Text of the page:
Celebrating the life of Princess Charlotte
Princess Charlotte Augusta of Wales, born in 1796, was the original "people’s princess". As heir to the throne of George III and the only well-regarded member of the wayward royal family, Charlotte was seen as the hope of the nation. Her premature death at the age of 21 caused an unprecedented torrent of national grief, and forever altered the course of British history and culture eventually leading to the birth and reign of Queen Victoria. Two paintings on display in the North Gallery at Petworth depict two very crucial points in the life and times of Charlotte.
The Allied Sovereigns at Petworth, 24 June, 1814
Marriage to her future husband Leopold of Saxe-Coburg was a slow burn that began in 1814 culminating in their marriage in 1816.
In the summer of 1814 a number of allied sovereigns visited London to celebrate peace following the defeat of France and the abdication of Napoleon Bonaparte. Of signicance, the Tsar Alexander I of Russia was in attendence who brought with him in his retinue, Leopold who had recently distinguished himself in the campaign against the French.
This painting, The Allied Sovereigns at Petworth, 24 June, 1814 by Thomas Phillips shows the 3rd Earl of Egremont (1751-1837) being presented by George, Prince Regent and father of Princess Charlotte, to the Tsar of Russia in the Marble Hall at Petworth.
Though Leopold and Charlotte aren't pictured in this oil painting, this event was certainly part of the same occassion that saw the two lovers meet for the first time at Pulteney Hotel in London that same summer.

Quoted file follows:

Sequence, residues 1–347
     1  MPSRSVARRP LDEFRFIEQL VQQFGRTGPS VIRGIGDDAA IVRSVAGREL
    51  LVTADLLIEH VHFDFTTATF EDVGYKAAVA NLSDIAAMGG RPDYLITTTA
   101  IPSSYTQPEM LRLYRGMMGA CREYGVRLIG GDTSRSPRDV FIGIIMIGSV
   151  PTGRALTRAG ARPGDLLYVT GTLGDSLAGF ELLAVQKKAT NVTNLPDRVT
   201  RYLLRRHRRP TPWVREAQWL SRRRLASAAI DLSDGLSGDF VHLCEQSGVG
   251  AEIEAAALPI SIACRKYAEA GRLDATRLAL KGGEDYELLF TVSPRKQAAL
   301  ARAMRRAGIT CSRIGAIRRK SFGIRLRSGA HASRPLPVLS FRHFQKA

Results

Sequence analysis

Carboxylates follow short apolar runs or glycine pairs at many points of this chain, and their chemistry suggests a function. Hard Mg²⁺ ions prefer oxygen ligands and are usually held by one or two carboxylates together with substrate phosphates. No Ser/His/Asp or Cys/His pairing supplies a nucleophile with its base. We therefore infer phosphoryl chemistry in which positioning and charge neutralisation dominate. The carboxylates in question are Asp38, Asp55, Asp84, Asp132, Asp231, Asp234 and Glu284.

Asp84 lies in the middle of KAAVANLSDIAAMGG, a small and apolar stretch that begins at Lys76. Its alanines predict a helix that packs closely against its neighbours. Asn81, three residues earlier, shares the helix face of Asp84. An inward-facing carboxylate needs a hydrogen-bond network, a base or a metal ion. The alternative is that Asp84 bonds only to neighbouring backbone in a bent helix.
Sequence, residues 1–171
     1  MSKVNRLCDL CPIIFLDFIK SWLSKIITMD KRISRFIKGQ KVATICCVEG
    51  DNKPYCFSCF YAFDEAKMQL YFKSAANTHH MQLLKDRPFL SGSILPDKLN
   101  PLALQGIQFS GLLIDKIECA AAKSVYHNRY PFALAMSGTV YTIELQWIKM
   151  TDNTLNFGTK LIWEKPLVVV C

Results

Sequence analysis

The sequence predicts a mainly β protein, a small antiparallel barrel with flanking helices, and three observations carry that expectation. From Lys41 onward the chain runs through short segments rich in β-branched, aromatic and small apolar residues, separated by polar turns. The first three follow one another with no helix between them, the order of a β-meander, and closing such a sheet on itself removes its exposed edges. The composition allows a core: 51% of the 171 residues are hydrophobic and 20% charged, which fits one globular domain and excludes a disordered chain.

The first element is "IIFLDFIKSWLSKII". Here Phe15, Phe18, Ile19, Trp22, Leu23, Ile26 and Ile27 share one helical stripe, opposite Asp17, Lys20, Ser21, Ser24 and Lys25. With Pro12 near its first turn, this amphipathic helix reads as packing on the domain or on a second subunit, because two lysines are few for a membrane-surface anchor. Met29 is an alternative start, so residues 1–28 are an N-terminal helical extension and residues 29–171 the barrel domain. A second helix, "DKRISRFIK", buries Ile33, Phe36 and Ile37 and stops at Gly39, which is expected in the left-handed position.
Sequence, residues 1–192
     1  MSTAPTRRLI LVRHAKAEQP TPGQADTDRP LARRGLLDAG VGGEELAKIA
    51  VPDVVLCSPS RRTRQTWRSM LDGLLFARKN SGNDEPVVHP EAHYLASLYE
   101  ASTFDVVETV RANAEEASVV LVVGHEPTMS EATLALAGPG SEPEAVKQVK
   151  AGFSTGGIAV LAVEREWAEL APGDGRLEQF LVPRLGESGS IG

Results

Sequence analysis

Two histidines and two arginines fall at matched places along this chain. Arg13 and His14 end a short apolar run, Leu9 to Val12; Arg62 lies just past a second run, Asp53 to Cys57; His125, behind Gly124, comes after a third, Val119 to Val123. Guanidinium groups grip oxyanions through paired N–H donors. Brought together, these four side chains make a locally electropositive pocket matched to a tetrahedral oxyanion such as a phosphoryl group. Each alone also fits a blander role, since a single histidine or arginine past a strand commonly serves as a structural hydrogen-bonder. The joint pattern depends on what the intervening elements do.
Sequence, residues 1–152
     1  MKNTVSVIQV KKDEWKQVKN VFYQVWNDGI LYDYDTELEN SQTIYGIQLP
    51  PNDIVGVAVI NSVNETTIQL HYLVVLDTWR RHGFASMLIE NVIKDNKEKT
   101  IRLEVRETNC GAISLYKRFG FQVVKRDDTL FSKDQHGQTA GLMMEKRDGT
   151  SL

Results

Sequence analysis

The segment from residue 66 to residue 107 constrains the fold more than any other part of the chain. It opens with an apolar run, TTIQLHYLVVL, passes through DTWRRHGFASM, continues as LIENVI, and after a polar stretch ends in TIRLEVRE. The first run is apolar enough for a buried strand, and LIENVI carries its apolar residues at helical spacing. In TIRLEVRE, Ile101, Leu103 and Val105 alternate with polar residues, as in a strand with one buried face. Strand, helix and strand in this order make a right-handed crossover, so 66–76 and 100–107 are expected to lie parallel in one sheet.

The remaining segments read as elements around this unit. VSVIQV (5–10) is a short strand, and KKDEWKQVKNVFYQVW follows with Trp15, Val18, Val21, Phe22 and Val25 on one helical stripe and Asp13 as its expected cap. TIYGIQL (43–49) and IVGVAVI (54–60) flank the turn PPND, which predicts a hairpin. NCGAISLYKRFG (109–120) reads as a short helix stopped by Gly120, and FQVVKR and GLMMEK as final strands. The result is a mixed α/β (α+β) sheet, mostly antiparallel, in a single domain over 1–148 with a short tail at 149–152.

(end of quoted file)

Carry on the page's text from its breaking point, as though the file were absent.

The Apotheosis of Princess Charlotte Augusta, Princess of Wales
Following several miscarriages, Charlotte fell pregnant in April 1817. The nation was overjoyed at the prospect of another healthy heir to the throne but sadly their hopes were dashed.
Her contractions began on the evening of 3 November and the Princess' 50 hours of labour began. She gave birth to a stillborn son on 5 November and the early hours of the following morning Charlotte became suddenly ill and died.
The nation were heartbroken having pinned their hopes on her for stability following the troublesome reign of George III and the unwelcome prospect of George IV's reign. Shops ran out of black cloth and commemrative cups, saucers, medals and trinkets of all kinds were bought and sold.
It's apt then considering how treasured she was by the nation that her death in this painting is depected as an apotheosis, the elevation of someone to divine status.
The Apotheosis of Princess Charlotte Augusta, Princess of Wales (1796-1817) by Henry Howard depicts the Princess and her baby cradled to her chest, being welcomed by angels into heaven with female figures at her feet mourning her loss.